Top products from r/coldwar

We found 10 product mentions on r/coldwar. We ranked the 9 resulting products by number of redditors who mentioned them. Here are the top 20.

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Top comments that mention products on r/coldwar:

u/Didymus_F · 3 pointsr/coldwar

Many of them would also shoplift, which I find quite funny (especially the Ponomareva story). But it must be added that many of those athletes were "trained" on the geopolitics, politics, and situation of the state they were going to, and not simply sent to a richer country without any preparation. Plus, many of those athletes believed in communism (or at least, in a brighter future for the Soviet Union), at least during the first decades of the Cold War, and that the interpretation they would have of what they would see in Western country was utterly different than what we imagine.

I would send you a link to a very good reference that I really enjoyed reading, but it is only in french... (here is the link anyway, just in case, because I thought it was a great book :éros-sport-champions-soviétiques-1930-années/dp/B07KZKCDSV/ref=asc_df_B07KZKCDSV/?tag=googshopfr-21&linkCode=df0&hvadid=313731032092&hvpos=1o4&hvnetw=g&hvrand=2737963550103629895&hvpone=&hvptwo=&hvqmt=&hvdev=c&hvdvcmdl=&hvlocint=&hvlocphy=9056143&hvtargid=pla-696885370444&psc=1&tag=&ref=&adgrpid=63910952098&hvpone=&hvptwo=&hvadid=313731032092&hvpos=1o4&hvnetw=g&hvrand=2737963550103629895&hvqmt=&hvdev=c&hvdvcmdl=&hvlocint=&hvlocphy=9056143&hvtargid=pla-696885370444)

u/Gusfoo · 1 pointr/coldwar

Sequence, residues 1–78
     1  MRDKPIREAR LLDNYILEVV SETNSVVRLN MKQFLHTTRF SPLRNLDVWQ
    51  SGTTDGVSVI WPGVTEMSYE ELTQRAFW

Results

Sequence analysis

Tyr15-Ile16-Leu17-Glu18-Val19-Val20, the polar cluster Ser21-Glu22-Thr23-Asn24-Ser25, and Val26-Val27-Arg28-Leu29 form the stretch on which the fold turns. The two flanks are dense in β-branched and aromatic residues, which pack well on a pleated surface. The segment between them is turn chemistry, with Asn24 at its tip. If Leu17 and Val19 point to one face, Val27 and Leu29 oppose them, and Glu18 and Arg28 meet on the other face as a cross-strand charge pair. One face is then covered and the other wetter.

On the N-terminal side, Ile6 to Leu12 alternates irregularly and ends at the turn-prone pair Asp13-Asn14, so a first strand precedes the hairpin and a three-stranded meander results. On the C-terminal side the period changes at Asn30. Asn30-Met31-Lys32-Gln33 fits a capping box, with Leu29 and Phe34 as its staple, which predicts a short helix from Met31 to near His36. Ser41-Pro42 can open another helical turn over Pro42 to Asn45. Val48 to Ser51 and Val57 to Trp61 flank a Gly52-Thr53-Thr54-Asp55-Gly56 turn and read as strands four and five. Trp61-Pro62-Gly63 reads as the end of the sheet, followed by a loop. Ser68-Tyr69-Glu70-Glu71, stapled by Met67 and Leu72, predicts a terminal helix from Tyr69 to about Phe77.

I've just finished "Command And Control" which is pretty engaging and very interesting. It covers the period from Trinity to the 80s. I also very much enjoyed "The Evolution of Nuclear Strategy" which covers the game theory side of how things developed during the arms races.

u/CorinthWest · 1 pointr/coldwar

Eric Schlosser's Command and Control is a great read too.

u/timetravelist · 1 pointr/coldwar

> Two helicopters actually pursuing something into Canada would have presumably had one hell of a writeup.

Nah. "Arcturus".

One comment on that incident I haven't seen anywhere online was relayed to me by someone who was there. Apparently, on the second night of that incident, there was some radio traffic, presumably between the weapons storage area and the base security just simply stating "Our friends in black have returned." And then a minute or two of base security trying to get more information being met by dead air before they got a response.

If you're interested in this specific Loring AFB incident, or even interested in just the weapons storage area itself, I have a book that I could recommend. A warning though, he's not a very good writer. Technically it's fiction (and that's not made terribly clear on amazon), but it seems to me that a lot of the content is fact retold with a fictional narrative. Maybe easier than trying to get the USAF to sign off on it.